Iacobucci JJ, Stevenson TR, Swanson NA, Headington JT. Cutaneous leiomyosarcoma. Ann Plast Surg. 1987 Dec. 19(6):552-4. [Medline].
Brown MD, Swanson NA. Treatment of malignant fibrous histiocytoma and atypical fibrous xanthomas with micrographic surgery. J Dermatol Surg Oncol. 1989 Dec. 15(12):1287-92. [Medline].
Weimar VM, Ceilley RI. Chemosurgical reports. A myxoid variant of malignant fibrous histiocytoma: report of a case treated by Moh's technique with a slight modification. J Dermatol Surg Oncol. 1979 Jan. 5(1):16-8. [Medline].
Melancon JM, Tom WL, Lee RA, Jackson M, Jiang SI. Management of pilomatrix carcinoma: a case report of successful treatment with Mohs micrographic surgery and review of the literature. Dermatol Surg. 2011 Dec. 37(12):1798-805. [Medline].
American Heart Association. Infective endocarditis. Available at http://www.heart.org/HEARTORG/Conditions/CongenitalHeartDefects/TheImpactofCongenitalHeartDefects/Infective-Endocarditis_UCM_307108_Article.jsp. Accessed: January 23, 2014.
Wright TI, Baddour LM, Berbari EF, Roenigk RK, Phillips PK, Jacobs MA, et al. Antibiotic prophylaxis in dermatologic surgery: advisory statement 2008. J Am Acad Dermatol. 2008 Sep. 59(3):464-73. [Medline].
Matzke TJ, Christenson LJ, Christenson SD, Atanashova N, Otley CC. Pacemakers and implantable cardiac defibrillators in dermatologic surgery. Dermatol Surg. 2006 Sep. 32(9):1155-62; discussion 1162. [Medline].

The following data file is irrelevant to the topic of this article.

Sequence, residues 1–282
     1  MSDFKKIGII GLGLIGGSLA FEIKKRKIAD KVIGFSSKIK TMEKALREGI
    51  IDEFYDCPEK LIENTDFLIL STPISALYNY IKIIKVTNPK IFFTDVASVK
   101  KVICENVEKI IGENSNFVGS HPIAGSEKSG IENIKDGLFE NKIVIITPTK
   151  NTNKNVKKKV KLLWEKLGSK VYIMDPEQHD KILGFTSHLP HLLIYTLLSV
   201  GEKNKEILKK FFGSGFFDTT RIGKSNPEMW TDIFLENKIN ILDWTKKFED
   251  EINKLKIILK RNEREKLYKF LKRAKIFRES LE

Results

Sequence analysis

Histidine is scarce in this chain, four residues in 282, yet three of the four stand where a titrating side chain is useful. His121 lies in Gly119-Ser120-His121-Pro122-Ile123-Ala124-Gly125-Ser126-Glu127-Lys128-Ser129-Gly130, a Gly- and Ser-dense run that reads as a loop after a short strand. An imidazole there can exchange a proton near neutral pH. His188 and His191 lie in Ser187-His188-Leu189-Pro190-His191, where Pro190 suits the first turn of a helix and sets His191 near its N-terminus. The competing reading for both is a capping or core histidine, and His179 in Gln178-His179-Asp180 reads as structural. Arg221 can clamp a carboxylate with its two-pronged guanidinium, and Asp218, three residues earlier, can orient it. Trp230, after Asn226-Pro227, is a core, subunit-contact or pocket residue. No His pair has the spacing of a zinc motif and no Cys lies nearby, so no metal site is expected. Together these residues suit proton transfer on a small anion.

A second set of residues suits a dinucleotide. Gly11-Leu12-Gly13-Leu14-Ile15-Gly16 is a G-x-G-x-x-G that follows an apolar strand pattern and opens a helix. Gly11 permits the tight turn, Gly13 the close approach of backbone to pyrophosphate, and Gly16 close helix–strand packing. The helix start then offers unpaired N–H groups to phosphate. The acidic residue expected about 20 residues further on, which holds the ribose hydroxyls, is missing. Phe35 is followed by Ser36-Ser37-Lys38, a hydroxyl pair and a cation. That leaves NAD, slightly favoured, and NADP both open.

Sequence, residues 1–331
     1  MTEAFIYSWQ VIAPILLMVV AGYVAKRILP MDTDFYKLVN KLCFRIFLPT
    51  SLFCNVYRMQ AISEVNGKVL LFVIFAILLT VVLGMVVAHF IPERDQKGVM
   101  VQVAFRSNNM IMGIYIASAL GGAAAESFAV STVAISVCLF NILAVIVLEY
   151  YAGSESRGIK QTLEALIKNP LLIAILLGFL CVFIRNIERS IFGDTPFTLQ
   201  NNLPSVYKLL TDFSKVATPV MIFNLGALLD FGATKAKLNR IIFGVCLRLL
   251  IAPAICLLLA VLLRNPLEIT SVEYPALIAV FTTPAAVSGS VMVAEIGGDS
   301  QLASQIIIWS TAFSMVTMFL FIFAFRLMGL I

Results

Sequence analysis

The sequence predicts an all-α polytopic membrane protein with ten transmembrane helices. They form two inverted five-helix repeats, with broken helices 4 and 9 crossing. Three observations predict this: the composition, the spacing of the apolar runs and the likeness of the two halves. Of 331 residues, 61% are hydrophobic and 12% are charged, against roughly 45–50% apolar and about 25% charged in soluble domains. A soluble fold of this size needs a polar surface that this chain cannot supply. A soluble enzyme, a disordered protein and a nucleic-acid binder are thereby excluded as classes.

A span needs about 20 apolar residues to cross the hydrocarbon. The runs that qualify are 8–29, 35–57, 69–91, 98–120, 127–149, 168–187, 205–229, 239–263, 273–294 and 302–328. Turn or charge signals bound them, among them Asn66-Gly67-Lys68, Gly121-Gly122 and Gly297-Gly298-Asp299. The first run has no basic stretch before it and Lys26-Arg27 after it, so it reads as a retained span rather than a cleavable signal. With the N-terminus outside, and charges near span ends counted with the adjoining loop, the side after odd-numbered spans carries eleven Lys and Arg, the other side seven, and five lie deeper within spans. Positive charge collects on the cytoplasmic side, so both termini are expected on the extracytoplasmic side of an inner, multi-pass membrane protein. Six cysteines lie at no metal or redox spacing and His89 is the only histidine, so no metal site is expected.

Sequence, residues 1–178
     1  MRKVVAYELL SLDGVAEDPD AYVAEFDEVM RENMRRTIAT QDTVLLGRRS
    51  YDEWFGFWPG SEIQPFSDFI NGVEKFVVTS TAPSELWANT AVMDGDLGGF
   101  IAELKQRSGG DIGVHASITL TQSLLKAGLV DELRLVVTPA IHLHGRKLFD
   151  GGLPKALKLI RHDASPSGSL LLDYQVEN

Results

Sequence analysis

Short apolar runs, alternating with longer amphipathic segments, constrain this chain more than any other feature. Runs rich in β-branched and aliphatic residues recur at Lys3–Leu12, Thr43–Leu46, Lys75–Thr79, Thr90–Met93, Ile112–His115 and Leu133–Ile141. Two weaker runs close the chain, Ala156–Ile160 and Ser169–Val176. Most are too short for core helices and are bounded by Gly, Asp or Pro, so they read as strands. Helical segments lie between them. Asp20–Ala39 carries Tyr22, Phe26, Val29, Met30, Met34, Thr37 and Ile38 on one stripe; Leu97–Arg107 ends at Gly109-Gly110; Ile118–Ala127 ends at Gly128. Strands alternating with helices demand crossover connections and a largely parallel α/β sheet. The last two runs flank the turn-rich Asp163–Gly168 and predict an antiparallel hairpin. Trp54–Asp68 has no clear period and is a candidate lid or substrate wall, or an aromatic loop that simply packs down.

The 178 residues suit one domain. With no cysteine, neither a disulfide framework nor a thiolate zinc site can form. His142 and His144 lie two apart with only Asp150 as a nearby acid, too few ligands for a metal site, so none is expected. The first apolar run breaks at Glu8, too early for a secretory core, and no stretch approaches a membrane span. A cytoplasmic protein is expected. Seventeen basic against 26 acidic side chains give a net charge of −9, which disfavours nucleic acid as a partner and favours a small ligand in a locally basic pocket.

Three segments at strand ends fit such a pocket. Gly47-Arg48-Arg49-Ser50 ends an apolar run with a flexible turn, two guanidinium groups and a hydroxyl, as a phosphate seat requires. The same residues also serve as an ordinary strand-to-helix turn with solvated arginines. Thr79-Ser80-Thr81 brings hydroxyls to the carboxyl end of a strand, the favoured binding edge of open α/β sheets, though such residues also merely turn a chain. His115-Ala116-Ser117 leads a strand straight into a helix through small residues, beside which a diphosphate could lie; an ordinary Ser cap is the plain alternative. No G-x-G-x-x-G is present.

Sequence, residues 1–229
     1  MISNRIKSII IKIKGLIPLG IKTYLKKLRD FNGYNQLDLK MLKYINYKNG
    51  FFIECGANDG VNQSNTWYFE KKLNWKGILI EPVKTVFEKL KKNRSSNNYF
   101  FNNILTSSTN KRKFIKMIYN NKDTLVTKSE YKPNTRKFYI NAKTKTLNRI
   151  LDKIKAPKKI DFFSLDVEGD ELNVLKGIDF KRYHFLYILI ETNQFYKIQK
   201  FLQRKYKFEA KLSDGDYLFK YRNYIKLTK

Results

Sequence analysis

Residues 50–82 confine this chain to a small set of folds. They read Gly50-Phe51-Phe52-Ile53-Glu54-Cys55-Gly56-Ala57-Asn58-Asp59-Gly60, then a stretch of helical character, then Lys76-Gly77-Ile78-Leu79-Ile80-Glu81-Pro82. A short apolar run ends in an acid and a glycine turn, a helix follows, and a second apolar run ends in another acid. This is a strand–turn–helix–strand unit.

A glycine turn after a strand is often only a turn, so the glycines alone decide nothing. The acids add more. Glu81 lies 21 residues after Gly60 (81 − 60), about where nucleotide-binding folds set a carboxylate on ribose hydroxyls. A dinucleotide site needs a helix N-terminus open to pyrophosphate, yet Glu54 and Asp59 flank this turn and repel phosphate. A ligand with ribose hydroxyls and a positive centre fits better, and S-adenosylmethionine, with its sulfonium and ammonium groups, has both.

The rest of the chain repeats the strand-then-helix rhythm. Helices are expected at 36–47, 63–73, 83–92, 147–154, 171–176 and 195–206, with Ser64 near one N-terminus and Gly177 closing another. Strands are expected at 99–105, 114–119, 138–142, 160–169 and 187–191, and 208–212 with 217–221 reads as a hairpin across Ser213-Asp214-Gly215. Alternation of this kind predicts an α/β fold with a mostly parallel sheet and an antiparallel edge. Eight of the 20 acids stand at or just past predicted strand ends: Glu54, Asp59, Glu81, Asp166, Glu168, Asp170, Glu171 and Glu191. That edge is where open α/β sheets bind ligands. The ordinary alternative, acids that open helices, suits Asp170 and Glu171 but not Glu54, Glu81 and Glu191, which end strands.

El-Gamal HM, Dufresne RG, Saddler K. Electrosurgery, pacemakers and ICDs: a survey of precautions and complications experienced by cutaneous surgeons. Dermatol Surg. 2001 Apr. 27(4):385-90. [Medline].
Burg G, Hirsch RD, Konz B, Braun-Falco O. Histographic surgery: accuracy of visual assessment of the margins of basal-cell epithelioma. J Dermatol Surg. 1975 Oct. 1(3):21-4. [Medline].
Oganesyan G, Jarell AD, Srivastava M, Jiang SI. Efficacy and complication rates of full-thickness skin graft repair of lower extremity wounds after Mohs micrographic surgery. Dermatol Surg. 2013 Sep. 39(9):1334-9. [Medline].
Merritt BG, Lee NY, Brodland DG, Zitelli JA, Cook J. The safety of Mohs surgery: a prospective multicenter cohort study. J Am Acad Dermatol. 2012 Dec. 67(6):1302-9. [Medline].
Alam M, Ibrahim O, Nodzenski M, Strasswimmer JM, Jiang SI, Cohen JL, et al. Adverse events associated with mohs micrographic surgery: multicenter prospective cohort study of 20,821 cases at 23 centers. JAMA Dermatol. 2013 Dec. 149(12):1378-85. [Medline].
Bordeaux JS, Martires KJ, Goldberg D, Pattee SF, Fu P, Maloney ME. Prospective evaluation of dermatologic surgery complications including patients on multiple antiplatelet and anticoagulant medications. J Am Acad Dermatol. 2011 Sep. 65(3):576-83. [Medline].
Nasseri E. Prospective Study of Wound Infections in Mohs Micrographic Surgery Using a Single Set of Instruments. Dermatol Surg. 2015 Sep. 41 (9):1008-12. [Medline].
|Feature of Tumor||Mohs Surgery||Excision, Electrodesiccation and Curettage, Cryosurgery, and Radiation Therapy|
|Primary or recurrent||Recurrent or incompletely excised||Primary|
|Location||High risk; on ear, digits, genitalia, or central part of face||Low risk; on trunk and extremities|
|Histologic finding||Aggressive growth pattern: morpheaform, infiltrating, keratotic, perineural or perivascular invasion||Nodular, superficial|
|Size||>0.6-1 cm on face, >2 cm elsewhere||< 0.6-1 cm on face, < 2 cm elsewhere|
|Clinical nature||Ill-defined borders, multicentric, radiation, genetic syndrome with multiple tumors||Well-defined borders|
|Treatment||Primary Tumor, %||Recurrent Tumor, %|
|Electrodesiccation and curettage||7.7||40.0|
|* Less than 5 years; no statistics for 5-year follow-up.|